New York based Australian artist Sam Shmith digitally composes photographs to create images that are unsettling or comforting, depending on your point of view — or nationality.
As a four year resident of New York City, Shmith is attracted to the American inclination to “sugar coat” as he describes it; to shut out the unknown and the dangerous, whether it’s cocooning themselves in climate controlled spaces or dressing up the ordinary with sentimentality.
As a UK born Australian however, he’s an observer of American ways and this is reflected in his new suite of 13 photographs that opened at Arc One gallery in Melbourne last night.
The show Cherry Springs is not an ironically cheesy title for his show but the actual name of an open air planetarium in a State Park in Pennsylvania. Shmith took photos of the night sky there that were later composed within his photographs of clap-boarded upstate New York towns.
An open air planetarium is officially called a “dark sky preserve” in the US; a necessity in the heavily populated north-east of the country where views of the stars are limited. This is where amateur and professional astronomical photographers gather on a disused air-strip to take photos and camp nearby overnight.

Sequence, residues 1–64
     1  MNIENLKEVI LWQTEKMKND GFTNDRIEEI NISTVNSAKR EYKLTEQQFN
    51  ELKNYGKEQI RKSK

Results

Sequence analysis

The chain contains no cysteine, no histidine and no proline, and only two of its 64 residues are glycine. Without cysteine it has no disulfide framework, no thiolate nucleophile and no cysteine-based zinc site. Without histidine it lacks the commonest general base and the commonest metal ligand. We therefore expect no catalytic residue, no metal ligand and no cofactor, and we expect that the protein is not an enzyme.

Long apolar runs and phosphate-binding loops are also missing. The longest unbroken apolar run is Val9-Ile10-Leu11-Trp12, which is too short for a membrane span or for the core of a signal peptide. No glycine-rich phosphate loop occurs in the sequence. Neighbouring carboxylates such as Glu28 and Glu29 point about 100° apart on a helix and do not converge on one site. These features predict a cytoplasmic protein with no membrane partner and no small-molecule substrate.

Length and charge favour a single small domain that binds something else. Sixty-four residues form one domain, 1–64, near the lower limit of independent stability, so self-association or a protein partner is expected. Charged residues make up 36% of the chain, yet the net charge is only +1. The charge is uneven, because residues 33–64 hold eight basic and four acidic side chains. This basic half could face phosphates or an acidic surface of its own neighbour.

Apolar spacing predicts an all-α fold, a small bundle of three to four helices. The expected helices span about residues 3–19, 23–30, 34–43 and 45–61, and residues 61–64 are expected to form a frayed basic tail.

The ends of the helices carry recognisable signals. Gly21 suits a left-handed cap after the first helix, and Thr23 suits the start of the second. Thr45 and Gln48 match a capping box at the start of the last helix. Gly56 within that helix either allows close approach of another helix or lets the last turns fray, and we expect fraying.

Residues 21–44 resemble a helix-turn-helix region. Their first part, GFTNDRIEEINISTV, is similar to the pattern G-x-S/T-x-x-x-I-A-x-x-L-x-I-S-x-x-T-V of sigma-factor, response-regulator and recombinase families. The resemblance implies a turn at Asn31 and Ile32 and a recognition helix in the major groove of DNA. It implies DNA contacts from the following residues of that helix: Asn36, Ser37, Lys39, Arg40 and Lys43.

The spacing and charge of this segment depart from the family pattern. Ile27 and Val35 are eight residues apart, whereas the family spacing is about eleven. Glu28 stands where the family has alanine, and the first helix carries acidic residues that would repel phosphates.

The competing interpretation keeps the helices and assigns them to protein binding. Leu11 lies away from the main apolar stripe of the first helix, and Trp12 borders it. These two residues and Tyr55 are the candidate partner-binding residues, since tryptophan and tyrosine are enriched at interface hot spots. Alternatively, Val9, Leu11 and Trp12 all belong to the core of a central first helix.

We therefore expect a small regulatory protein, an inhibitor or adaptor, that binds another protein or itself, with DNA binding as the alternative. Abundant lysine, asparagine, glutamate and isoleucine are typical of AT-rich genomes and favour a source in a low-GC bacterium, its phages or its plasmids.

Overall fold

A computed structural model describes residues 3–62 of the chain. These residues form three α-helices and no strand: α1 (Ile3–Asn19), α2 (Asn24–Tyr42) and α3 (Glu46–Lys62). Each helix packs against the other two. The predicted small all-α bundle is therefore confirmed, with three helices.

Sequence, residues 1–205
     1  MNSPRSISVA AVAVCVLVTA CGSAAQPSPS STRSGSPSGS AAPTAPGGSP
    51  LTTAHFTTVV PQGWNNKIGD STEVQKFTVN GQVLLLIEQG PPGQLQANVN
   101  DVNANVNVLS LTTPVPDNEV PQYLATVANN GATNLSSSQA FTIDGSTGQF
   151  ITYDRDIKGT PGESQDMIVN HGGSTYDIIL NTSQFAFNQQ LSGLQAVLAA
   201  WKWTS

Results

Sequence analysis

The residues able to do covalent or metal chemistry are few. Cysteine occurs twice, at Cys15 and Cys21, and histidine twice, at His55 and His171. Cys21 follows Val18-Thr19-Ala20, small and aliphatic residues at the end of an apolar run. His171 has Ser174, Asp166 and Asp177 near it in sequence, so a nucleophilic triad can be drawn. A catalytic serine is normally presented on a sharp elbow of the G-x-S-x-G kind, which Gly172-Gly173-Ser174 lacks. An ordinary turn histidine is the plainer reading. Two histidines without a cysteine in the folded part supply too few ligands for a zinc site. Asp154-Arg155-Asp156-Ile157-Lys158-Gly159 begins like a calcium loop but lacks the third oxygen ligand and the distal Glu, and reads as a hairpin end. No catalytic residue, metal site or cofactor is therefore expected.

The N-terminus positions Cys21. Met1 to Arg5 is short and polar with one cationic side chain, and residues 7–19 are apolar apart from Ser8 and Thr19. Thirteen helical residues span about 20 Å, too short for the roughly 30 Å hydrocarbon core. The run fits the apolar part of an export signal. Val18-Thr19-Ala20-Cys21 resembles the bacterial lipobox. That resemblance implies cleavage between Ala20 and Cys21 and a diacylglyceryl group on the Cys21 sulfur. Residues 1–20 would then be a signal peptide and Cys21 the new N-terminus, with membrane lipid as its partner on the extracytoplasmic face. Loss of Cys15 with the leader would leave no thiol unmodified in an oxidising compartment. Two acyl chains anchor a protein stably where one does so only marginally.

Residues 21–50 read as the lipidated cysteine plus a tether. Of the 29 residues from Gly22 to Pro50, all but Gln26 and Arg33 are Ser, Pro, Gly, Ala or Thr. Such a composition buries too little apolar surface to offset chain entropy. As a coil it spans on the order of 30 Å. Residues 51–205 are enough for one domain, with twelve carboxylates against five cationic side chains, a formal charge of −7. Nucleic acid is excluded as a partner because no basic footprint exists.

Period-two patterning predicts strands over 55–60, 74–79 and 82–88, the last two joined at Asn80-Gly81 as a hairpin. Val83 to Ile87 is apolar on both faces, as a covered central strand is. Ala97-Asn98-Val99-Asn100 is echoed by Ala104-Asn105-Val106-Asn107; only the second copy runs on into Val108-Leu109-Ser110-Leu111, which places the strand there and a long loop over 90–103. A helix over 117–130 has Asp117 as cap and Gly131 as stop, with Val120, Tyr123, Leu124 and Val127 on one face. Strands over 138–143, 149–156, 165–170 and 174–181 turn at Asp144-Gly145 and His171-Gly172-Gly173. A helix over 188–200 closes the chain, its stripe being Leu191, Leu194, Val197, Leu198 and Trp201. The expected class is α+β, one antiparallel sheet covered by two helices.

“The set up is very safe — very Americana,” Shmith says.
The views of the night sky look spectacular in Shmith’s images, taken with his “ordinary Canon”, but in real life he says the night sky has nothing on stargazing in sparsely populated Australia.
But he doesn’t pretend to be an astronomical photographer and the use of these images is only one element in the creation of his works that happen in his imagination and on his computer.
“Some of the images in these works were taken up to 12 years ago,” he says, struggling to recall the name of the suburban enclaves seen in some of the images, or how long he set the exposure for his star photographs.
The seven images in the show that feature suburban habitation recall the heavily styled works of contemporary American photographer Gregory Crewdson, which in turn appear to be inspired by the narrative paintings of Edward Hopper.
“He takes photos in towns in upstate New York but in his the threat seems to come from within rather than beyond,” he says. In a press release for the show he refers to “apeirophobia” — the fear of the infinite which he says is reflected in the American habit of “anaesthetising” the unknown.
Not that Shmith is concerned with investing his images with a narrative. He certainly doesn’t create them with a story in mind. “I think that’s up to the viewer if they want to.”
The exception might be four of the works on show that pay a tribute of sorts to pioneering American test astronaut Joseph Kittinger who travelled 31 kilometres to the edge of the astmostphere in 1960 in a balloon and then free fell to earth.
Shmith’s works imagine Kittinger driving across the desert to his launch site, falling through clouds from the sky, and back in cosy suburbia.
A number of the works in Cherry Springs are printed on aluminium. “When you look at the image it seems that the light is coming from within the surface rather than reflecting it,” he says. Invest that with any narrative you like.